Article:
Unfortunately, the mud reeks of rotten eggs — sulfur’s signature fragrance — though the mostly older bathers don’t seem to notice, scooping deep for the thickest of it to smear on their face and even hair, where it dries into a powdery crinkle. Nor do they seem to mind that their bathtub sits atop a restless geological hot spot.
Although hulking Gran Cratere is hardly the most dramatic-looking volcano one could seek, it boasts an important pedigree: It’s the mythical workshop of Vulcan, Roman god of fire. How could I resist a one-hour hike to the front door of his office? Scrabbling up the signposted path I notice wisps of steam coming off the rim above.
Alas, for those who might expect a glowing, clanking metallurgical factory, cresting the crater wall and peering in yields nothing more spectacular than a bowl-shaped landscape of — you guessed it — mud. But steaming vents along the northern rim are a sulfurous fantasyland: rocks stained a Day-Glo yellow, fringed by tiny crystals that sparkle in the sunlight. I moved in closer for photos but the fumes seared my lungs — better to enjoy these sights out of range of the gas.
Down the outer slope, the homes of Porto di Levante sit placidly, and appallingly close — about 1,000 people live on the small island. Vulcano has not had an eruption since 1890, but scientists keep an eye on the ill-tempered temple and warn that a modern catastrophe is possible.
The Lighthouse of the Mediterranean
Still, I wanted more tangible evidence of Vulcan’s presence, so I signed up for a day trip to nearby Stromboli — the island that gave its name to describe a particularly accessible type of eruption: Strombolian.
The volcano has a storied history. In Jules Verne’s “Journey to the Centre of the Earth,” a crew of raft-bound explorers rockets back to terra firma via Stromboli, by tickling the volcano’s throat with a blast of gunpowder and being coughed to the surface atop a river of magmatic phlegm. Fortunately, my journey to the mouth of Stromboli would be a little less traumatic, though approaching the island by afternoon speedboat from Lipari was still exhilarating.
Barely two miles wide, yet soaring to a height of 3,031 feet, the entire island is the volcano, and vice versa. The clouds of steam hovering at the summit were flustered by faint eruptions every 20 minutes or so, swirling the white crown into fanciful plumes. Stromboli’s severe northern slope was a featureless carpet of ebony. Assaulted by lava bombs through the day, the Sciara del Fuoco — trail of fire — becomes a glowing waterfall of orange and red at night.
Stromboli’s nickname: Lighthouse of the Mediterranean.
We swing around to land at Stromboli’s main village, San Vincenzo, and were led to a church that sits above the hamlet. In front of the nave, each evening a flock of visitors gathers for a guided hike to the summit. Residents pay scant attention to the small crowd — motorbikes buzz through the tiny piazza every few minutes, while older islanders trade gossip. Just before 5 p.m., our shoes were inspected to verify they were sturdy enough for the rugged terrain, and we are provided a flashlight and bamboo walking stick. Our guide, from the Italian Alpine Club, wore an easy smile, natty hiking garb, and a two-way radio to exchange any potential updates on the activity, and tells us that we would be limited to one hour on top. Handing out hard hats, he says, “You are all going to have to bring one to wear at the top, in case the volcano decides to become active.”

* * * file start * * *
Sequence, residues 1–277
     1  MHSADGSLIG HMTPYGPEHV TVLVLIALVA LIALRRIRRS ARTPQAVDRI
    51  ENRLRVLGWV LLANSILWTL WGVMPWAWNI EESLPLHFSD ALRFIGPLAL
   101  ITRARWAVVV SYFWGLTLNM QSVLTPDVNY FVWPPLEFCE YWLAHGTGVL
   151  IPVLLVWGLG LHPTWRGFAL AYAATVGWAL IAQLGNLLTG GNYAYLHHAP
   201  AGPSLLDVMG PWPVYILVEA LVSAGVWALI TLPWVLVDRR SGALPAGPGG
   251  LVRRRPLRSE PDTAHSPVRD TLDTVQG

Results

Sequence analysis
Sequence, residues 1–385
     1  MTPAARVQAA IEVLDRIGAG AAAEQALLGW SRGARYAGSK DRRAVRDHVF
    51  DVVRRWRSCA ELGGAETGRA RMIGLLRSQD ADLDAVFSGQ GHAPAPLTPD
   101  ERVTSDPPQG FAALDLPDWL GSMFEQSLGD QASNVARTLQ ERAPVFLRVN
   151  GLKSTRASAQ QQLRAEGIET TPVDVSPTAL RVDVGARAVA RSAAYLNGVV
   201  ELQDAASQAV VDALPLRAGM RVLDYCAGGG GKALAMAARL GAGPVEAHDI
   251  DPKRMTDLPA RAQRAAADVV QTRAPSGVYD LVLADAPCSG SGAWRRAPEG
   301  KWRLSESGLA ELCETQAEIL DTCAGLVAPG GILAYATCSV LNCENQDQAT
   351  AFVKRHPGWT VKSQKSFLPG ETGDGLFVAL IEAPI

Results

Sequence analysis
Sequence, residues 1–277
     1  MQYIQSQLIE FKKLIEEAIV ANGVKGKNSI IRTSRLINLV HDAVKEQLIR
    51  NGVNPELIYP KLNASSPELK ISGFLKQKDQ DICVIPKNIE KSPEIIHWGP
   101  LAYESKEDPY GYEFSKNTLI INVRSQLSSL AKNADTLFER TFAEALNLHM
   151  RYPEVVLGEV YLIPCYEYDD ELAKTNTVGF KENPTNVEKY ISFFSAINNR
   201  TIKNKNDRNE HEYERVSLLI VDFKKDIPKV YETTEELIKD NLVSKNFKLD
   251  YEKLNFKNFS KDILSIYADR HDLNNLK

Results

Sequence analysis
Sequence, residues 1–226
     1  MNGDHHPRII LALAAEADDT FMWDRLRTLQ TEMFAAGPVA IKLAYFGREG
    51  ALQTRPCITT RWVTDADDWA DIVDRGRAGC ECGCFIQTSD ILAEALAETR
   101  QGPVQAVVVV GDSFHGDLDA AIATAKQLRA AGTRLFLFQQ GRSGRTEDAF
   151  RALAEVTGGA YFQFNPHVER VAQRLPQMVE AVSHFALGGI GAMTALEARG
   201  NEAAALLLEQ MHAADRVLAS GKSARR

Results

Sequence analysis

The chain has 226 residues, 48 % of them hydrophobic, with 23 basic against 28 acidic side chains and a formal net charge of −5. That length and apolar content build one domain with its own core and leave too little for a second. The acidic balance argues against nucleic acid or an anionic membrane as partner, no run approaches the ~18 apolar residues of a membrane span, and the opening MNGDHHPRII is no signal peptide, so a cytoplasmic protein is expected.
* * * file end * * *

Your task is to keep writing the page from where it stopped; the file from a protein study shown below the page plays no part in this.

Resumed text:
The route to the summit started up a narrow road through the village, passing a pink house where Ingrid Bergman conducted a notorious affair with Roberto Rossellini in 1949, during the filming of “Stromboli.” Along the road, capers and artichokes were just beginning to flower, while crimson and violet bougainvillea hugged whitewashed walls that wrapped around backyard vineyards. Our group, which numbered about two dozen, percolated in a cacophony of languages as the path ascended the gentle slope beyond the village. When we reached the base of the grim Sciara del Fuoco, the trail made an abrupt turn to climb a steep, brush-covered shoulder.
Conversations dissolved into labored gasps as we negotiated the rocky trail. High above, the volcano fumed.
Two hours later, near the top of this ridge, the crater came into view, but rather than scary, the sight was quixotic. The curls of steam whispered around its lips were painted in peach tones — the last remnants of the setting sun. And unlike the yawning mouth of Vulcano, Stromboli’s vent was little more than a pip-squeak hole just below the mountain’s highest point. But just as I was about to discount Stromboli as a wanna-be, the chasm convulsed and spewed like a Roman candle. The display lasted just a few seconds, but I stood in wonder as incandescent rocks vaulted into the air.
As if on cue, everyone put their helmets on.
A few hundred yards further we crested the mountain, glaring anxiously into the crater below. A swirl of vapor engulfed us, obscuring the orifice. I sat down on a rock, knotting fingers that had become numb by the cold, and waited for another explosion. And waited. Old Faithful this wasn’t.
“How often do the eruptions happen?” asked one young hiker. Our guide shrugged his shoulders and told us that sometimes the volcano takes the night off. As the sky darkened to an inky black I started to think that perhaps we’d seen all Stromboli had to offer. An hour passed and our guide gathered his reluctant group together for the descent, prodding us to head down the ashy slope.
Suddenly, the thud of a cannon stirred the night. I spun around just in time to see the steam light up from inside and fireworks shoot skyward. We all cheered. Vulcan had apparently been on an espresso break.